- The Washington Times - Monday, December 5, 2011

A German company offers surveillance technology for use against political opponents.

In Russia, a startup company sells equipment to identify a single targeted voice in digital recordings of thousands of phone calls.

In China, a company boasts software that can crack the security on any Hotmail or Gmail account.

Welcome to the global marketplace for spy technology.

Specialized equipment and secret techniques that just a few years ago were the exclusive preserve of electronic government spy bureaus such as the U.S. National Security Agency are now available to the highest bidders from companies in dozens of countries.

The private companies offer equipment and services that can eavesdrop on cellphone calls, monitor Internet activity, tap into fiber-optic cable. The equipment then can search, filter and index the vast quantity of data obtained through all this surveillance.

Privacy advocates say there is nothing to stop foreign intelligence services from using the equipment to spy on their own people - or Americans.

“Even if American companies, as they claim, only sell to governments and law enforcement, there’s no real regulation of end-users, even in the United States, let alone China and Russia,” said Christopher Soghoian, an online privacy advocate and graduate fellow at the Center for Applied Cybersecurity Research at Indiana University.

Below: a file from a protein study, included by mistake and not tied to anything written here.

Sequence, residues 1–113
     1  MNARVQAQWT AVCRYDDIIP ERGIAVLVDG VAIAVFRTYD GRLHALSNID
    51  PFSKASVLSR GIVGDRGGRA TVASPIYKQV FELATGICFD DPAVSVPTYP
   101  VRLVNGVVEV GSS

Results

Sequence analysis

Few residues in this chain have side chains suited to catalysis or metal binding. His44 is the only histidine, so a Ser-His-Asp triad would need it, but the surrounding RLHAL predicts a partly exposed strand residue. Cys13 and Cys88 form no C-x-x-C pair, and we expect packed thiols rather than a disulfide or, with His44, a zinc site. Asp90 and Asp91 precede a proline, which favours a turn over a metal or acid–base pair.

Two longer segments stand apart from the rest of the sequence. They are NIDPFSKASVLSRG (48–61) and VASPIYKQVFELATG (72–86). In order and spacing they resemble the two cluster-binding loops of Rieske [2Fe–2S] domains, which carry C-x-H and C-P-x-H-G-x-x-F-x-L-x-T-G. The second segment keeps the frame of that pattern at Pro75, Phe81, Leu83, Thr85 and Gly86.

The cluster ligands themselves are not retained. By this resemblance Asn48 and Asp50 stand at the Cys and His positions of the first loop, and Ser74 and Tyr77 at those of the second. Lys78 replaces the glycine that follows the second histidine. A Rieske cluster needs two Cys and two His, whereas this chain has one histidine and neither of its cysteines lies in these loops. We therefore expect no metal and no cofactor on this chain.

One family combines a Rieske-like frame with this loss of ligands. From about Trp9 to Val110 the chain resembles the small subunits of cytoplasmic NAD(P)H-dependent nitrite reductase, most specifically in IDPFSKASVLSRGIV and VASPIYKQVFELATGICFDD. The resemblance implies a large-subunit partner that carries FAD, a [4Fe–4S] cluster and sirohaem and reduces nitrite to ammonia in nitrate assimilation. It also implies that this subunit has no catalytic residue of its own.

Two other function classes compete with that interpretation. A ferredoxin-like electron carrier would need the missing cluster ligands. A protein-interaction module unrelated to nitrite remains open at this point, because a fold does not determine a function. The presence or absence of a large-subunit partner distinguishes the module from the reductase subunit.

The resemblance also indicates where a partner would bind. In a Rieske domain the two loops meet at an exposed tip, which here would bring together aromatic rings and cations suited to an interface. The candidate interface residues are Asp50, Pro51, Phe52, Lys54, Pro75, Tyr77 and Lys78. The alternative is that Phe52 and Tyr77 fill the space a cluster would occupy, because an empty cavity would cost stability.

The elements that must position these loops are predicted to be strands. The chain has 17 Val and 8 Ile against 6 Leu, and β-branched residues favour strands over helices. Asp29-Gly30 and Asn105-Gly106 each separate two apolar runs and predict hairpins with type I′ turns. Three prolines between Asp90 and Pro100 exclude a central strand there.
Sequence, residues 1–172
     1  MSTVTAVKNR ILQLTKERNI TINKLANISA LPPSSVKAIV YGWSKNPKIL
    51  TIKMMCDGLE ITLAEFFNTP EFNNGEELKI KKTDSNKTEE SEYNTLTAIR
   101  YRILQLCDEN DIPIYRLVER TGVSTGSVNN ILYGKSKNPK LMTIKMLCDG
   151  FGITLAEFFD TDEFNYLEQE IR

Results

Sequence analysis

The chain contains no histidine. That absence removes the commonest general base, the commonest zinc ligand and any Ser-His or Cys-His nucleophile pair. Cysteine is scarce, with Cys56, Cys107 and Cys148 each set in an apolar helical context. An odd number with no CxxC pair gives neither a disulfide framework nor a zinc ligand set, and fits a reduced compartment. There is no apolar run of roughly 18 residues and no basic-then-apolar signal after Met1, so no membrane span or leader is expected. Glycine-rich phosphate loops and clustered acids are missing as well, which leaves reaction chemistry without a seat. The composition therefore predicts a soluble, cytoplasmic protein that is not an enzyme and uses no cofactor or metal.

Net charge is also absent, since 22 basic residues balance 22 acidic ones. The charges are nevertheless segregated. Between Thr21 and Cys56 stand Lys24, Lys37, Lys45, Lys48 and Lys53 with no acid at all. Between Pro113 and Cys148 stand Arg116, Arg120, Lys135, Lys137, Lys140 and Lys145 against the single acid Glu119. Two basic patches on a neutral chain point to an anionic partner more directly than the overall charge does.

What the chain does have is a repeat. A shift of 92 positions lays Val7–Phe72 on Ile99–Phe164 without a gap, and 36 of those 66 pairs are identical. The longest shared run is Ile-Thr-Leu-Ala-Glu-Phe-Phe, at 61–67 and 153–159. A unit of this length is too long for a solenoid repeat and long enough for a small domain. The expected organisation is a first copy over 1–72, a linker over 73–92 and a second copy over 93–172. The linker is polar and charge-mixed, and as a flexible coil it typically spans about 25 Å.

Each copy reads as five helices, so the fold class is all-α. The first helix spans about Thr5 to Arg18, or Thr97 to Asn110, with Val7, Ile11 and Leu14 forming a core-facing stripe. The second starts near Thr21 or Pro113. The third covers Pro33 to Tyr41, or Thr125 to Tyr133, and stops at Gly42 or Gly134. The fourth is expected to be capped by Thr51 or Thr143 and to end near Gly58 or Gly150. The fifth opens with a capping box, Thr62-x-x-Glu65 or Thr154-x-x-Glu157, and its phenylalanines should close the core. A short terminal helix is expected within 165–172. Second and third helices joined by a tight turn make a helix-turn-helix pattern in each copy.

“There’s nothing to stop [this equipment from] being used in the United States,” he added. “Sure it’s illegal … but you’re never going to get caught.”

He said cellphones can be monitored easily with a widely available device called an IMSI catcher because “almost all voice traffic is unencrypted.”

“What is being done to protect Americans from this technology?” asked Mr. Soghoian, “The answer is nothing.”

Privacy International, an advocacy group based in London with which Mr. Soghoian works, and the anti-secrecy website WikiLeaks last week published a database of more than 130 companies worldwide that market Internet monitoring, phone interception, computer logging or other surveillance technologies. The database is the fruit of a yearlong investigation during which Privacy International and WikiLeaks investigators infiltrated technology sales conferences and obtained promotional materials.

Based in 25 countries, the companies include well-established entities in the U.S., Israel and Europe and upstarts in countries such as Brazil, China, India and Russia.

India-based Paladion, which says it is “the fastest-growing information security company” in Asia, claims that its tools can track encrypted banking transactions and Gmail communication.

China Top Communications, a government-owned company based in Beijing, offers a package called Internet Watcher, which it claims can decrypt the secure Web connections used by Hotmail and Gmail email systems so users’ accounts can be monitored.

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